What Is the What : The Autobiography of Valentino Achak Deng

What Is the What : The Autobiography of Valentino Achak Deng

4.4 174
by Dave Eggers
     
 

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A gripping, best-selling narrative based on one refugee's story of escape from war-torn Sudan.

In a heartrending and astonishing novel, Eggers illuminates the history of the civil war in Sudan through the eyes of Valentino Achak Deng, a refugee now living in the United States. We follow his life as he's driven from his home as a boy and walks, with thousands of

Overview

A gripping, best-selling narrative based on one refugee's story of escape from war-torn Sudan.

In a heartrending and astonishing novel, Eggers illuminates the history of the civil war in Sudan through the eyes of Valentino Achak Deng, a refugee now living in the United States. We follow his life as he's driven from his home as a boy and walks, with thousands of orphans, to Ethiopia. Valentino's travels bring him in contact with government soldiers, janjaweed-like militias, liberation rebels, hyenas and lions, disease and starvation-and unexpected romances. In this audiobook, written with expansive humanity and surprising humor, we come to understand the nature of the conflicts in Sudan, the refugee experience in America, the dreams of the Dinka people, and the challenge one man faces in a world collapsing around him.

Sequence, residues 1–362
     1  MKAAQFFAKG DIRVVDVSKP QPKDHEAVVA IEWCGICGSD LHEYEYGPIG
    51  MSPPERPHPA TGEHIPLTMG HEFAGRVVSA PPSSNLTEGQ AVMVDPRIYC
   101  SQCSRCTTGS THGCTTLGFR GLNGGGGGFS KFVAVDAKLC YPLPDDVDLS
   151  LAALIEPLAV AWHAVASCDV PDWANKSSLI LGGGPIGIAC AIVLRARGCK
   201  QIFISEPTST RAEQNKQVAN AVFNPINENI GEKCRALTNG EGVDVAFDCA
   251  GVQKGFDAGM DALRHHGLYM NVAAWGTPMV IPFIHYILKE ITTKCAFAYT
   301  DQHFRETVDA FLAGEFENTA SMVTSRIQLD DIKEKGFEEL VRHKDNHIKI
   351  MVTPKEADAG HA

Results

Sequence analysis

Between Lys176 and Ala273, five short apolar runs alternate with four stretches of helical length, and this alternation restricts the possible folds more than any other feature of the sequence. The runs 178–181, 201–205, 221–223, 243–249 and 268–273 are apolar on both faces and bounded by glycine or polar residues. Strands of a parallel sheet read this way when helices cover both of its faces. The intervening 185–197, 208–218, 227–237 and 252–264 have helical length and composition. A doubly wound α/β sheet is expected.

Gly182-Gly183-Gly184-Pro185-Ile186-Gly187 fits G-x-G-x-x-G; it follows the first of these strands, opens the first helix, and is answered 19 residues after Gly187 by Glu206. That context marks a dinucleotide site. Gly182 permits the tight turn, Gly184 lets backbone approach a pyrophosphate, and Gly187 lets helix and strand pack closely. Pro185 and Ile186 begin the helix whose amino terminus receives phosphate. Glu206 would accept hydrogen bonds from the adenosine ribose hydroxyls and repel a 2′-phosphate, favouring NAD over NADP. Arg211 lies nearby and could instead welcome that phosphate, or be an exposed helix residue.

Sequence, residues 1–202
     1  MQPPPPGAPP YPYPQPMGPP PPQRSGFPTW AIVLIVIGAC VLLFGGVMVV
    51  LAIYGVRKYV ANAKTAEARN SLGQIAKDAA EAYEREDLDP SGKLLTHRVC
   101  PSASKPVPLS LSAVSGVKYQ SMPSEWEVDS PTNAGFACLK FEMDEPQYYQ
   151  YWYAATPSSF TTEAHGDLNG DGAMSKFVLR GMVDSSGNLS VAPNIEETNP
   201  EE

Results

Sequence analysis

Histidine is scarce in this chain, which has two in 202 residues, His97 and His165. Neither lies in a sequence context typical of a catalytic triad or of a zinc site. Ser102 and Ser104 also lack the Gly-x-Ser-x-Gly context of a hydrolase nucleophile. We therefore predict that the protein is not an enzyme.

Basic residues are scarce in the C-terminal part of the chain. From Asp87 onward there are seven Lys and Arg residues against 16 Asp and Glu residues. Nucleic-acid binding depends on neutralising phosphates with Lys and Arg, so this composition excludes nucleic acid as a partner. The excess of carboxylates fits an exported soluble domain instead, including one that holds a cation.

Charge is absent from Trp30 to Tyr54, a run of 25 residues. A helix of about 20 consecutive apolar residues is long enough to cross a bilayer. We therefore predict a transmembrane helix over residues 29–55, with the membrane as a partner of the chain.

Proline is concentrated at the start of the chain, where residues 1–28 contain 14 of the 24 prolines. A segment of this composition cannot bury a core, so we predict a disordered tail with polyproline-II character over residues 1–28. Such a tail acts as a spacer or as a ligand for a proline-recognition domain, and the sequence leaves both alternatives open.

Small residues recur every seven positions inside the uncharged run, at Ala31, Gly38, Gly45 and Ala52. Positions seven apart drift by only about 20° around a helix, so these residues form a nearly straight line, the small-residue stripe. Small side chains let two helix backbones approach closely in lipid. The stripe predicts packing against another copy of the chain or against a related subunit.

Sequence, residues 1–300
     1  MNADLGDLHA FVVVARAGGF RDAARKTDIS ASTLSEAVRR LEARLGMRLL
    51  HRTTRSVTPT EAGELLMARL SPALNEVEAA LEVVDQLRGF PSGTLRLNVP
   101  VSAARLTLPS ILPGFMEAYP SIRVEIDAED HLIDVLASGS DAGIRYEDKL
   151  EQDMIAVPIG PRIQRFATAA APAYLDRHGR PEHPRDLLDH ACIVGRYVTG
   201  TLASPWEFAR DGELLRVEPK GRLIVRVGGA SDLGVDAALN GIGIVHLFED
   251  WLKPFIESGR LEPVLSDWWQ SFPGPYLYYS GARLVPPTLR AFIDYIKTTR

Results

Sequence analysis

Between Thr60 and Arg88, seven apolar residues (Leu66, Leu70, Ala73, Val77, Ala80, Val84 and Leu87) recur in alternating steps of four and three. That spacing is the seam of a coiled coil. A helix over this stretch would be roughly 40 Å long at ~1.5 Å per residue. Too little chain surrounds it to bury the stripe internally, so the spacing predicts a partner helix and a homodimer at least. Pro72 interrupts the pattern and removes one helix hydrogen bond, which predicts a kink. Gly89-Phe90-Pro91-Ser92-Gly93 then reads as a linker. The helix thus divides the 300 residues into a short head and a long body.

Editorial Reviews

Francine Prose
Reading What Is the What does indeed make it impossible to pretend that Valentino Achak Deng and the other Lost Boys and all the men and women and children who have suffered, and continue to suffer, fates like his do not exist. Dave Eggers has made the outlines of the tragedy in East Africa � so vague to so many Americans � not only sharp and clear but indelible. An eloquent testimony to the power of storytelling, What Is the What is an extraordinary work of witness, and of art.
— The New York Times
Gary Krist